TW - diet talk, diet culture, disordered eating


I've shared a lot of stories on this blog. I've talked about my mental health and suicidal thoughts, my experience watching my grandma die, and my spiritual journey. I like to think I'm an open book and there really isn't much I'm afraid to share.

Except for one story in particular. Today I finally feel ready to share this one. And I have to say that writing this post has been unexpectedly healing for me. 

While I'm mostly a confident person, you may not know the struggles I've gone through to get where I am today with positive body image. I've been holding back on sharing this story. I didn't feel like I had permission to when I'm not completely happy with my weight right now.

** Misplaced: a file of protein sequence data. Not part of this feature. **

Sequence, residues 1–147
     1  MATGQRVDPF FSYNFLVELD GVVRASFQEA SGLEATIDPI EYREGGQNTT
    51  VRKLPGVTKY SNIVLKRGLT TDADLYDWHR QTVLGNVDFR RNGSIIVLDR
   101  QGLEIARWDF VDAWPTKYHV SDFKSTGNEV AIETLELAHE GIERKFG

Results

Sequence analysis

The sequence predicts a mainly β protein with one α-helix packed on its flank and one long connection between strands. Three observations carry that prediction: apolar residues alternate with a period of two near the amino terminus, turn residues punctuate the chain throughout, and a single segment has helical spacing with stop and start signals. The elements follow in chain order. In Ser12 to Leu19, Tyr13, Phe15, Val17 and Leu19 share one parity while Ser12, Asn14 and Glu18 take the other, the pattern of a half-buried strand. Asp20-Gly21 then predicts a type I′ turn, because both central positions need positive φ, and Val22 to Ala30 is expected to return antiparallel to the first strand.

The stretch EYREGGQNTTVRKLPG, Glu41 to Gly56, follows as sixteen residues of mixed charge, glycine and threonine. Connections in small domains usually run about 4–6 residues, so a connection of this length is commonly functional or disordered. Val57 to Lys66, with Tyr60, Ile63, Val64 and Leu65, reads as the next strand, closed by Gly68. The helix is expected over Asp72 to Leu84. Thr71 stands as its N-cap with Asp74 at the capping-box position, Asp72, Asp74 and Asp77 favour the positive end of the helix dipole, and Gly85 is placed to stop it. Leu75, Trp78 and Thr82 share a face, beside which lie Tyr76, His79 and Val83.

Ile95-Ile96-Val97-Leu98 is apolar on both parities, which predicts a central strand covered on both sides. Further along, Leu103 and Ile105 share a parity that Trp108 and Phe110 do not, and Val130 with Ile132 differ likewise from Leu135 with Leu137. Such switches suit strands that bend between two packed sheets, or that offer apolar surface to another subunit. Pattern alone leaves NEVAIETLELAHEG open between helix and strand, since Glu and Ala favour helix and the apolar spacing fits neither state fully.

I have finally realized that I'm allowed to share my experience with dieting and still want to lose a few pounds. For a long time, I struggled with feeling like I failed at weight loss. I know others have felt this way too. Why do we feel like we can't share our experiences until we've been what is considered 'successful' at losing weight? And if not successful at weight loss, being successful at still loving our bodies the way they are. Most of the time, we see the finished product and don't see what's behind the perfect picture we see on instagram. The person you envy could look perfect on the outside but maybe they haven't eaten much that day, maybe they think they'd feel better five pounds lighter, or maybe they spend every minute worrying or feeling guilty about something they ate. I know I've been that person before.